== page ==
Cinco de Mayo: Cocteles Mexicanos

cinco de mayo cocktails
Cinco de Mayo: Cocteles Mexicanos
This Cinco de Mayo, skip the margarita and try one of these delicious tequila cocktails.

Cinco de Mayo is, like Saint Patrick’s Day, a holiday with significant history in its native country that Americans have chosen to appropriate mainly as an excuse to drink themed beverages. This is OK; while it may be a little crass, it at least is a celebration of another culture and people, and when it comes to booze the good people of Mexico have long been overlooked. Tequila is too often relegated to shots, or acting as the base of many a bad, oversweet, sour-mix-based margarita. We’re going to show you three alternatives.

Both tequila, and its smoky forerunner mezcal are made by fermenting the agave plant, a cactus-like desert-dweller that’s actually pretty closely related to asparagus. It’s naturally sweet and its nectar can be easily turned into a tasty syrup. It’s that same sugar that can be broken down and converted into alcohol by yeast. Once distilled, the resulting liquor is vegetal, nuanced, and more versatile in cocktails than its often given credit for.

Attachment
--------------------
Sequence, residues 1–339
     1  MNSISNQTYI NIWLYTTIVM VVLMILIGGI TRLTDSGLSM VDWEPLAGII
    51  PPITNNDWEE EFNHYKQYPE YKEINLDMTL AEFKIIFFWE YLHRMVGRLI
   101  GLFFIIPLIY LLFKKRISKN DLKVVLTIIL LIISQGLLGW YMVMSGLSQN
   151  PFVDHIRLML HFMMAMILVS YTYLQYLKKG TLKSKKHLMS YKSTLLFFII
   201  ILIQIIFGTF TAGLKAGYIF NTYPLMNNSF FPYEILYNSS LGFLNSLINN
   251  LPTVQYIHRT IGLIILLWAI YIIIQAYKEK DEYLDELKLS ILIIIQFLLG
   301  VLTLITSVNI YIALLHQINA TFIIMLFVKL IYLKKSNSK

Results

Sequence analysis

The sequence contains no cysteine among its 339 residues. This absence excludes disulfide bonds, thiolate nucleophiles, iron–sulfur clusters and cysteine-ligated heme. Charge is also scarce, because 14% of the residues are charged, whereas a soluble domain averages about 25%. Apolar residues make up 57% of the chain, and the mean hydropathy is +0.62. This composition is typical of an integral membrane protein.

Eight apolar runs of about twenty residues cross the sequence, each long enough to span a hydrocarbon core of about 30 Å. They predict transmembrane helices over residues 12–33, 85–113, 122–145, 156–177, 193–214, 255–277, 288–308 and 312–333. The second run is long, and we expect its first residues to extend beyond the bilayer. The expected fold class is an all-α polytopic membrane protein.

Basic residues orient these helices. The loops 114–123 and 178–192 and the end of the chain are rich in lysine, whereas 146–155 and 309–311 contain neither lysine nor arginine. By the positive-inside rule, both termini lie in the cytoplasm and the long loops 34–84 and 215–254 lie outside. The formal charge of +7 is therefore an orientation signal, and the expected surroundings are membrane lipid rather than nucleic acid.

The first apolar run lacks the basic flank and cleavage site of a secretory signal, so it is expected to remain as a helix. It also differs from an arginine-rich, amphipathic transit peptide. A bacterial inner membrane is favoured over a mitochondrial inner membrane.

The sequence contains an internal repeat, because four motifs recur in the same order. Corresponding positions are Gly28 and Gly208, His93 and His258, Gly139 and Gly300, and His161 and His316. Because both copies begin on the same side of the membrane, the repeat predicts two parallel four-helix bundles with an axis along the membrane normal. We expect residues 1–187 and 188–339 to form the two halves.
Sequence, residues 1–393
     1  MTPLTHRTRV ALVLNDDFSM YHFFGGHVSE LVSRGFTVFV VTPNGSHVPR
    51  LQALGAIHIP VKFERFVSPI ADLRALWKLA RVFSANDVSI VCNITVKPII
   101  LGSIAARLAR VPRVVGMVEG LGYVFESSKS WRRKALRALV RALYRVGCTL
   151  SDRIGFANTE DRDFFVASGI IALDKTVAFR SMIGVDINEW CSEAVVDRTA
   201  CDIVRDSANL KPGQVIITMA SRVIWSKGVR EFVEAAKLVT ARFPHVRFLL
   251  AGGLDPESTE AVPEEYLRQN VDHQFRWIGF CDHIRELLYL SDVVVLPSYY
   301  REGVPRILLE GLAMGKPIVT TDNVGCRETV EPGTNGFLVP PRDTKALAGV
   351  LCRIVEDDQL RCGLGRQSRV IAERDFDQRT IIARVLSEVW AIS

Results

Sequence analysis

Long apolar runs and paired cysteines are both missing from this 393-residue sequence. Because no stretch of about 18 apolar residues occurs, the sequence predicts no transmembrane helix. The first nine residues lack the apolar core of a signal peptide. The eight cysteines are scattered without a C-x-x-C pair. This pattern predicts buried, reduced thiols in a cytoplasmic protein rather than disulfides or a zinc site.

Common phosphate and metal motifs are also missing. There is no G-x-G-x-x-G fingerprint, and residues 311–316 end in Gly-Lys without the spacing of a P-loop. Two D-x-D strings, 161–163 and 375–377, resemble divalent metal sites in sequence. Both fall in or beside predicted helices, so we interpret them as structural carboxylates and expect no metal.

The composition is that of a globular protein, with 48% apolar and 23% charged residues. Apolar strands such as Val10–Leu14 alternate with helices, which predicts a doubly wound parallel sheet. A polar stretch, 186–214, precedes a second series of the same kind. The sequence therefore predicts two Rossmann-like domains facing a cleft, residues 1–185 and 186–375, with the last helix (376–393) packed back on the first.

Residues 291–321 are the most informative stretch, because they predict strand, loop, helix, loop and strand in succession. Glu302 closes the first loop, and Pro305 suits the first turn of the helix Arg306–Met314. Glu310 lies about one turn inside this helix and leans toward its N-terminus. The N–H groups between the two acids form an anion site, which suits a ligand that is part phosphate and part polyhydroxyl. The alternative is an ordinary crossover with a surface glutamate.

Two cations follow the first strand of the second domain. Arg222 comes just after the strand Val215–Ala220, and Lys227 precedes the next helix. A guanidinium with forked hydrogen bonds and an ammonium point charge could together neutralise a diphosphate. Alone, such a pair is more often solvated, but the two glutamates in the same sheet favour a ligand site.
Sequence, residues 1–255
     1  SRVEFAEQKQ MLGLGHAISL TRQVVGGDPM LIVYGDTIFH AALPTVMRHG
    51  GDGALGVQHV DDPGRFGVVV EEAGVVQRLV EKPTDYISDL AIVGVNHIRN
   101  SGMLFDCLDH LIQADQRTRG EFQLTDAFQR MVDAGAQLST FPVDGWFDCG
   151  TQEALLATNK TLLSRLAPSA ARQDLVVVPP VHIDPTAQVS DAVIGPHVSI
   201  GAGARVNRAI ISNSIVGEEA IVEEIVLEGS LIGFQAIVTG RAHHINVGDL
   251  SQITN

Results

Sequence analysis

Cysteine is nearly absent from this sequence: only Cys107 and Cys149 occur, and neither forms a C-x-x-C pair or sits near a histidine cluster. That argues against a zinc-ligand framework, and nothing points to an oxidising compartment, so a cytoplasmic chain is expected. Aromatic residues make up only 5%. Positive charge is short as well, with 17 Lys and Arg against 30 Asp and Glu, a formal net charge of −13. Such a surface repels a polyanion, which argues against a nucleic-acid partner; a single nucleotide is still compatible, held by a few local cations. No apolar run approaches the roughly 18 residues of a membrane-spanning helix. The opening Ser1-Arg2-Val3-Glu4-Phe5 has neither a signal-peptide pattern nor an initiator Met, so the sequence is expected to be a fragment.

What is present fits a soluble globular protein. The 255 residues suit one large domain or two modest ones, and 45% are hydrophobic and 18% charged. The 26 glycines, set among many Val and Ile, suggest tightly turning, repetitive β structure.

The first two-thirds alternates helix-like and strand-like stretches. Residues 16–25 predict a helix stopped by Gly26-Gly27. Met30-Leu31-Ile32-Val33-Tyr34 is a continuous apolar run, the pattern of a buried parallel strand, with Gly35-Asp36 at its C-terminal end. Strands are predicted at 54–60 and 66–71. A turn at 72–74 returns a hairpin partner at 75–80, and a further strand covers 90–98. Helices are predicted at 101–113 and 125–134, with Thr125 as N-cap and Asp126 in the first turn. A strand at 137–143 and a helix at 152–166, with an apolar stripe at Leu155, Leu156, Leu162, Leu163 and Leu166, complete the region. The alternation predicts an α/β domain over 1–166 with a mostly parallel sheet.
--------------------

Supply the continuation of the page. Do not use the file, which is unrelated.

Good tequila is made from 100% blue agave nectar.  Bad tequila, which you should generally avoid, is called Mixto tequila and contains no less than 51% blue agave sugars, but will also contain other fermentable sugars. There are very nice 100% tequilas available for well under twenty bucks, especially in the Blanco version, which is aged less than two months. Joven tequila is just Blanco with caramel color added. Reposado tequila has been aged more than two months, but less than a year, in oak barrels. It gets some woody depth and is, generally speaking, my favorite kind of tequila for mixing. Anejo tequila is aged a minimum of one year, and Extra Anejo, is aged for more than three years. Unless you’re wealthy, I’d keep Anejos or Extras aside for sipping.